Sunday, July 31, 2011

Decisions Decisions

This year's MLB trade deadline has proven exciting.  General managers from numerous teams have spent sleepless nights with no one other than their Blackberry for company.  Big-name players have moved, minor deals have been made, and contenders have filled holes while teams in the cellar have cut payroll.  One fact is certain, no team wins anything by making a trade.  Teams may upgrade their talent or replenish their farm systems, but two months of baseball remain unplayed and trades do not always correlate to wins.

Pundits, analysts, and fans listen, watch, and read about every trade rumor that comes across their computer screens, hoping their team's GM will strike a deal to help the winning cause.  One aspect of trades that goes overlooked by fans is the sacrifice made by players who are forced to move from one city to the next.  Although some players do not face any difficulties due to their young age and bachelor status, many players must leave a city they call home and worry about their family's future.

Let's go through a few examples.  The Mets recently traded 
Carlos Beltran across country to the San Francisco Giants.  Beltran had a no-trade clause in his contract allowing him to veto any preposed trade.  He used this clause to inform the Mets he would only accept a trade to an NL team contending for the playoffs.  His choices were professionally motivated, unrelated to personal matters.  Beltran cared little about moving from one coast to the other, putting winning above everything else.

Other players, like the Dodgers' 
Hiroki Kuroda, chose to invoke his no-trade clause in order to veto all trades, even a few scenarios that put him onto the Red Sox and Yankees.  Kuroda formerly pitched in Japan, but when he signed with the Dodgers, he moved his whole life to the United States.  His life would once again be turned upside down were he to move from Los Angeles to either Boston or New York.  Most would wonder why Kuroda would ever veto such a trade due to the Dodgers' abysmal season and financial troubles coupled with Boston and New York's strong desire to acquire him.  Kuroda chose family above winning, a choice that angers fans but does not baffle many players who understand such decisions. Being traded is akin to an army general being transferred from base to base requiring them to relocate their families.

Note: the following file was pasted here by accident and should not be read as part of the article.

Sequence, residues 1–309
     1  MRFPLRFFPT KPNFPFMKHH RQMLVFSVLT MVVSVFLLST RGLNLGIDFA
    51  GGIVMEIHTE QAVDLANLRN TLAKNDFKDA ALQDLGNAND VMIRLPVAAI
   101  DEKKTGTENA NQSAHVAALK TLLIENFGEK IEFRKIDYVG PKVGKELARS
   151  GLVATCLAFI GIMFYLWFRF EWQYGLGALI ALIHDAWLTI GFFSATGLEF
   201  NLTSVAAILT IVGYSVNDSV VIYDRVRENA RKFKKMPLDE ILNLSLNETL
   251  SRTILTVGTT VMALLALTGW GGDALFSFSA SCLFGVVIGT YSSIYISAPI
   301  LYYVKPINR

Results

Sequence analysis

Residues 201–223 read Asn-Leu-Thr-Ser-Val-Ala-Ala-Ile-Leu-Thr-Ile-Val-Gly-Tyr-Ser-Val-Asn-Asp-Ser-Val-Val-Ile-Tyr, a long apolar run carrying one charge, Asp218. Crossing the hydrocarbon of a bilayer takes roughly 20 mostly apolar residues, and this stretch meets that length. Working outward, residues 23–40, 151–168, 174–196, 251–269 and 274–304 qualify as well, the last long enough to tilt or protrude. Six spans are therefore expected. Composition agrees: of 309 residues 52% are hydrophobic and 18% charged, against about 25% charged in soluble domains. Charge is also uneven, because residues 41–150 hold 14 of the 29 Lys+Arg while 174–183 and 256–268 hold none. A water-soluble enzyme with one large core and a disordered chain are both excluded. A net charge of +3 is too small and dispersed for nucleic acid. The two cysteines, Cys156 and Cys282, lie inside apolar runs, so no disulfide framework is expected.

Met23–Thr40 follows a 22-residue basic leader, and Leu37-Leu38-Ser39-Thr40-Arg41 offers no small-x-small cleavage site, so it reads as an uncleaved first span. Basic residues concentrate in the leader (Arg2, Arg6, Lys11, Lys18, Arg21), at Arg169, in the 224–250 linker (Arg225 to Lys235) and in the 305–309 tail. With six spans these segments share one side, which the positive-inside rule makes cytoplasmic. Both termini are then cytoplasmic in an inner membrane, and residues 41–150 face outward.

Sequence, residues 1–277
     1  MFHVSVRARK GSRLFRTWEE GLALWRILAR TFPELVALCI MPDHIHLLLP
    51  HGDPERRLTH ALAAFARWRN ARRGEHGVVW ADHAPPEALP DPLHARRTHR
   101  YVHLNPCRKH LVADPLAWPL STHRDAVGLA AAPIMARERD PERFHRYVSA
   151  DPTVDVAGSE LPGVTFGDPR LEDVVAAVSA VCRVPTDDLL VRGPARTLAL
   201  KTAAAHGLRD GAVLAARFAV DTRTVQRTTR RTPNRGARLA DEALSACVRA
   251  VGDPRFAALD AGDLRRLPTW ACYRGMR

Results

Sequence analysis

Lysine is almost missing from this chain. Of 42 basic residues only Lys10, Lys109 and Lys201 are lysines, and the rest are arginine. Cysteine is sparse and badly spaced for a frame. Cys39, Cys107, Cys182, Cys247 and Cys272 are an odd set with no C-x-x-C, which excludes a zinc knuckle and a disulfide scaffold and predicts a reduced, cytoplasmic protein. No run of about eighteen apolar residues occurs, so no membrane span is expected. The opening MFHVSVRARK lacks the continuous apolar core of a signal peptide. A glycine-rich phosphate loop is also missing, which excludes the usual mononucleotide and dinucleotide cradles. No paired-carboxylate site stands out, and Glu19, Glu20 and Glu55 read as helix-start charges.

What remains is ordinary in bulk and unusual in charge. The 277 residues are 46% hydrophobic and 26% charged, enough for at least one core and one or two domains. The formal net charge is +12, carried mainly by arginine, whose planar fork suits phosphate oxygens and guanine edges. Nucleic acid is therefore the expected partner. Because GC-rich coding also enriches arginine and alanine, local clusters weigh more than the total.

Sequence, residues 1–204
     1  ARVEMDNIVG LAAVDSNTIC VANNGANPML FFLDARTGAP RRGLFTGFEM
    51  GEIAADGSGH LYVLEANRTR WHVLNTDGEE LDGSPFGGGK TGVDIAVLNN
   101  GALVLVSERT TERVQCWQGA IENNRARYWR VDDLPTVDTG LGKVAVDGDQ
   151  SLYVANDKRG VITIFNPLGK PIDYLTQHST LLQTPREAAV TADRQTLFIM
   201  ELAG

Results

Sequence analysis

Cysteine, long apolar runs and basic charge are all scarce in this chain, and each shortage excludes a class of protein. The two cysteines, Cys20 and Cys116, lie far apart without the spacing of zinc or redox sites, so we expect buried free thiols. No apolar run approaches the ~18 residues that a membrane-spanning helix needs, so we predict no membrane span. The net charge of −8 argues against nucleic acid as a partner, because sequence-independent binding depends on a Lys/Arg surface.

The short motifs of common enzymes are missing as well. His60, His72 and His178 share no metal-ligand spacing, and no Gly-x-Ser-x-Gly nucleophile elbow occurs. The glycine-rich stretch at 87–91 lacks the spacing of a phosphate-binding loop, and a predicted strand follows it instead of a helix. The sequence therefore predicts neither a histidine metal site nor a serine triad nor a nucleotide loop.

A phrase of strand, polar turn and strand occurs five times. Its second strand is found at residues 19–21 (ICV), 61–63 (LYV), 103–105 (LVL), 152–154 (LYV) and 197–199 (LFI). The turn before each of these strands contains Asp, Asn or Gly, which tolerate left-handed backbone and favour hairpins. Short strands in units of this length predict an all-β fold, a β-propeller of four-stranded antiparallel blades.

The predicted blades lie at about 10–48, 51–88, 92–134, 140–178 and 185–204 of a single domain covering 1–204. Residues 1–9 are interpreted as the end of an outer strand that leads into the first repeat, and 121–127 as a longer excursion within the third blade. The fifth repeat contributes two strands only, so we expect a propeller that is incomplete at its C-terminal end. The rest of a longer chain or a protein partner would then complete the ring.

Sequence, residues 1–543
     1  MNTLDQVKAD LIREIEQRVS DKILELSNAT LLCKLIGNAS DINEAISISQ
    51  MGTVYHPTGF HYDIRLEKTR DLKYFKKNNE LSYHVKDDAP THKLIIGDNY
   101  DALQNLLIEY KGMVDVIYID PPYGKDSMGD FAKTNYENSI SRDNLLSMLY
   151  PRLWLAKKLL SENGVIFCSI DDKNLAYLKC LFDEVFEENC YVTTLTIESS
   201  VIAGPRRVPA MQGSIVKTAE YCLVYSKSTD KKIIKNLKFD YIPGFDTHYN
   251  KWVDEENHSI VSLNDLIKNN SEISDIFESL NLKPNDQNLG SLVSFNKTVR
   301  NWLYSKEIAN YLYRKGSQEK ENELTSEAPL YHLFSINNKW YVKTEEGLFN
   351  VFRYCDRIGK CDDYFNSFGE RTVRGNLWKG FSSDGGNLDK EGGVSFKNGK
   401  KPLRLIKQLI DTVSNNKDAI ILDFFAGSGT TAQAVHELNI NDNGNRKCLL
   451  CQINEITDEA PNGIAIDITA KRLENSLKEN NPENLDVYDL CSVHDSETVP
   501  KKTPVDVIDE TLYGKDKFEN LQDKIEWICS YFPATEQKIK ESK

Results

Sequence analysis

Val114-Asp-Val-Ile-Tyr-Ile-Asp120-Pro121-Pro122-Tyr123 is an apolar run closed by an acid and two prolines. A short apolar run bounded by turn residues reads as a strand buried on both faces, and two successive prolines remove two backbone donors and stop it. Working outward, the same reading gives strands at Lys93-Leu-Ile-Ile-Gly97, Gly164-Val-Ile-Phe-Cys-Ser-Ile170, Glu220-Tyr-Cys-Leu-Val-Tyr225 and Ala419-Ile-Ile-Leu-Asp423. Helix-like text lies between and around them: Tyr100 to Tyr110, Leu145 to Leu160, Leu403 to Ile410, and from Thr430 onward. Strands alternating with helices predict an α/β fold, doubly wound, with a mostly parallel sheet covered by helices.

As a Phillies fan, I have experienced the tension and joy that goes into making a big trade deadline acquisition.  Had I been a Red Sox or Yankees fan during the negotiations for Hiroki Kuroda, I would not have been pleased with his decision, but my opinion has recently changed.  Far too often we as fans see MLB players as chess pieces, easily sacrificed and exchanged, all towards the winning cause, but we overlook the fact that these players are men with families and responsibilities beyond baseball.  As fans we should have the right to boo a player for underperforming or refusing to be traded for purely superficial reasons, but not for refusing a trade due to personal reasons.  Although players make millions of dollars, and "trades are part of the game," these are not valid enough arguments to be made in favor of bashing a player for refusing a trade due to personal reasons.

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